Oxygen isotope systematics of chondrules in Rumuruti chondrites: Formation conditions and genetic link with ordinary chondrites

1Maxence Regnault,1Yves Marrocchi,1Maxime Piralla,1Johan Villeneuve,2Valentina Batanova,1Nicolas Schnuriger,3Emmanuel Jacquet
Meteoritics & Planetary Science (in Press) Link to Article [https://doi.org/10.1111/maps.13778]
1CRPG, UMR 7358, Université de Lorraine, CNRS, Vandœuvre-lès-Nancy, 54501 France
2ISTerre, UMR 5275, CNRS, Université Grenoble Alpes, Grenoble, 38000 France
3IMPMC, UMR 7590, CNRS & Muséum national d’Histoire naturelle, CP52, 57 rue Cuvier, Paris, 75005 France
Published by arrangement with John Wiley & Sons

Rumurutiites (R chondrites) are rare, highly oxidized chondrites belonging to the noncarbonaceous superclan and characterized by low chondrule abundances. Although textural and chemical features of Rumurutiite chondrules resemble those of ordinary chondrites (OCs), their formation conditions and potential genetic link remain debated. Here, we report high-resolution elemental X-ray mapping analyses and in situ O isotopic measurements of olivine grains from five chondrules and eight isolated olivine grains (IOGs) in the NWA 12482 R3 chondrite. The chondrules show chemical zonings similar to their counterparts in ordinary and carbonaceous chondrites (CCs), implying that gas–melt interaction processes between chondrule precursors and SiO- and Mg-rich gas were operative throughout the circumsolar disk. Our isotopic data show that R chondrules are isotopically similar to ordinary chondrules, although differences in their abundances of relict olivine grains and chondrule textural characteristics suggest different formation environments, with R chondrules being formed from 16O-poorer precursors. As with chondrules in OCs, the O isotopic characteristics of R chondrules and IOGs suggest limited transport between CC and noncarbonaceous reservoirs.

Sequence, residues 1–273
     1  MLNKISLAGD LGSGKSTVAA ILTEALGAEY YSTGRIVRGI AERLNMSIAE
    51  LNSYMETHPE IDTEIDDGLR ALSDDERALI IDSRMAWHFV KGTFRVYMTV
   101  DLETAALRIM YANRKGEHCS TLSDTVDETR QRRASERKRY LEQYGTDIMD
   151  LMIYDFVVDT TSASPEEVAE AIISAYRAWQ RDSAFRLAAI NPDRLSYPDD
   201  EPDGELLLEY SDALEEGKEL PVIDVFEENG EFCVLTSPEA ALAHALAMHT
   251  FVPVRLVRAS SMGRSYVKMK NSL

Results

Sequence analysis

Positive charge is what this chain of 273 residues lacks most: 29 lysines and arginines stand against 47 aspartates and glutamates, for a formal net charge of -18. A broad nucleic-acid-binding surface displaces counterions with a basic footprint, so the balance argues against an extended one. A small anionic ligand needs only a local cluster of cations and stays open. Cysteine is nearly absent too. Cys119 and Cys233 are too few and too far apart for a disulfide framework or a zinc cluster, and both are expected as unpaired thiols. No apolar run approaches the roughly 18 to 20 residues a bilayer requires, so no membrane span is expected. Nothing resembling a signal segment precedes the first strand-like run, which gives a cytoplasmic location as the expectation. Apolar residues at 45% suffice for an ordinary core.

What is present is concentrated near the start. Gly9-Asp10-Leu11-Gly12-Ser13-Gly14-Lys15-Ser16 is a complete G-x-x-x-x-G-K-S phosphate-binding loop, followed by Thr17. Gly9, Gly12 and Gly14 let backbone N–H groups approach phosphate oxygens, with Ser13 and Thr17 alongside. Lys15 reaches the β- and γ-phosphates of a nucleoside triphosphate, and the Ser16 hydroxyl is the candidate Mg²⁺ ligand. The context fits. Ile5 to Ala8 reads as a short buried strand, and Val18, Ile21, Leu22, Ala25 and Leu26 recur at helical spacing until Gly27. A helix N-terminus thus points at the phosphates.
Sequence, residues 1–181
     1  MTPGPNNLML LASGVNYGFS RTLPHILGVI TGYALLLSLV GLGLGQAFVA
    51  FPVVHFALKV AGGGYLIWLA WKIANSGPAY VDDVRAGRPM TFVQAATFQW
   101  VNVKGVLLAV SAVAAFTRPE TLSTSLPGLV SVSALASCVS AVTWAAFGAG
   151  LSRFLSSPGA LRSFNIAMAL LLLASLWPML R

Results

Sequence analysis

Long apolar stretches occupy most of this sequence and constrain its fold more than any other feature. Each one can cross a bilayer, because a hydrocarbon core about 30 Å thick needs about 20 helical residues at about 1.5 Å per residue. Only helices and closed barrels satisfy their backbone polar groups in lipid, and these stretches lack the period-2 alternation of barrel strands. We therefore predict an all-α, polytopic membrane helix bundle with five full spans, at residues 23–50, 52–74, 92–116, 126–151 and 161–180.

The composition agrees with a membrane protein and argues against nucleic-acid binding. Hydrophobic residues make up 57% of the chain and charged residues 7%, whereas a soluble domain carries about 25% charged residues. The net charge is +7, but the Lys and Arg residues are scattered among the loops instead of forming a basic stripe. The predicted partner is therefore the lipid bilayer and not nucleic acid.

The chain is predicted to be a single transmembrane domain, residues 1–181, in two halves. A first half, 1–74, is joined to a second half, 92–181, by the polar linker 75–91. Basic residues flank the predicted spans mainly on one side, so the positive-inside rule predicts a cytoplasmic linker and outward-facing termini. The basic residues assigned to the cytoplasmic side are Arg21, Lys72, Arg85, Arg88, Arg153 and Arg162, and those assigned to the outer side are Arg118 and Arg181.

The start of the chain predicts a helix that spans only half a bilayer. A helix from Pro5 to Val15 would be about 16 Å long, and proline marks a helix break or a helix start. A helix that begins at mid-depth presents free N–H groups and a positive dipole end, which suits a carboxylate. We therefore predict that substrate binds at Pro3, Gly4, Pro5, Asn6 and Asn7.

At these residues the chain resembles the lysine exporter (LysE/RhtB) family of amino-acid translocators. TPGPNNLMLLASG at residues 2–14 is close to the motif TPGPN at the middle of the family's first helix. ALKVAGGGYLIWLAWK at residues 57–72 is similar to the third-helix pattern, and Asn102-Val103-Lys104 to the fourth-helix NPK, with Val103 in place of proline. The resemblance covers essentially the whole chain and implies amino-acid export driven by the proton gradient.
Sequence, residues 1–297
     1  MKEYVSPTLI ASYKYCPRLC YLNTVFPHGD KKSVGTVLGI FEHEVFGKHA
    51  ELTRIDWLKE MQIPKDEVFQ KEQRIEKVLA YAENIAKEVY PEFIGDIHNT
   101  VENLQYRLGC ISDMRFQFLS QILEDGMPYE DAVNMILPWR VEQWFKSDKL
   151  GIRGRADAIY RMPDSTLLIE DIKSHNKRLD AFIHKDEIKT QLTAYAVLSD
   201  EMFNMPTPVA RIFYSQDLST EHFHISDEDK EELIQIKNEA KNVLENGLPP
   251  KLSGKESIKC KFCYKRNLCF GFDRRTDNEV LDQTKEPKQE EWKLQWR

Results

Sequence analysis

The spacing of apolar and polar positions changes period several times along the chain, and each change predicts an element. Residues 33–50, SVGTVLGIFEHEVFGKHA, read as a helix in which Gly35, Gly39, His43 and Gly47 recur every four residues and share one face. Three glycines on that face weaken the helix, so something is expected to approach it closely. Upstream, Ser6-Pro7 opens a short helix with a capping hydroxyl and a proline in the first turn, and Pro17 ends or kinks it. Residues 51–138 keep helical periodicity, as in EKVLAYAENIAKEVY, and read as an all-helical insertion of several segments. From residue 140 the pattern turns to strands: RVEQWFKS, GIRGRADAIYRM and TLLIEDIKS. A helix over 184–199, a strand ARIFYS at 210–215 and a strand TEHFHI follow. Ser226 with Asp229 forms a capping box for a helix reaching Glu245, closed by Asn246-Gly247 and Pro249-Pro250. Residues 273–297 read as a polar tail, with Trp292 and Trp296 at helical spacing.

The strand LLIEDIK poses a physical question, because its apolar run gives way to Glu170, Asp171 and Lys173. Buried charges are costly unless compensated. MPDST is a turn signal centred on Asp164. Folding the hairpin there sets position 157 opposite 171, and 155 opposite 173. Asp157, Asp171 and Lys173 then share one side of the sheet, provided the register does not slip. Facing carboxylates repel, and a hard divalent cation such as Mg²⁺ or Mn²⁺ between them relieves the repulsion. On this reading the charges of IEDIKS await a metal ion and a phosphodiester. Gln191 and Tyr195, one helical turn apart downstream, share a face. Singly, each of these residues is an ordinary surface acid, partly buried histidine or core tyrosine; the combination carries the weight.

Fill in your details below or click an icon to log in:

WordPress.com Logo

You are commenting using your WordPress.com account. Log Out /  Change )

Twitter picture

You are commenting using your Twitter account. Log Out /  Change )

Facebook photo

You are commenting using your Facebook account. Log Out /  Change )

Connecting to %s